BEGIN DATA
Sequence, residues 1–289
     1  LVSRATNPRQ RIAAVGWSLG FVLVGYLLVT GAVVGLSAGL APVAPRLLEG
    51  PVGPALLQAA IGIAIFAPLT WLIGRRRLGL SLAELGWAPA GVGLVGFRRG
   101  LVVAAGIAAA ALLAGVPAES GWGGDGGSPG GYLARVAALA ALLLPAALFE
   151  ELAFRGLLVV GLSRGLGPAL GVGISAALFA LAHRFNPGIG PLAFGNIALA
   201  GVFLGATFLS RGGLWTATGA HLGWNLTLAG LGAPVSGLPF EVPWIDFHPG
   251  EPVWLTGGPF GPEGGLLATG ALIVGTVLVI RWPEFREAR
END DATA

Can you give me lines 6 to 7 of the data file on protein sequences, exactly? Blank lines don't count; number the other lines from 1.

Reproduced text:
   201  GVFLGATFLS RGGLWTATGA HLGWNLTLAG LGAPVSGLPF EVPWIDFHPG
   251  EPVWLTGGPF GPEGGLLATG ALIVGTVLVI RWPEFREAR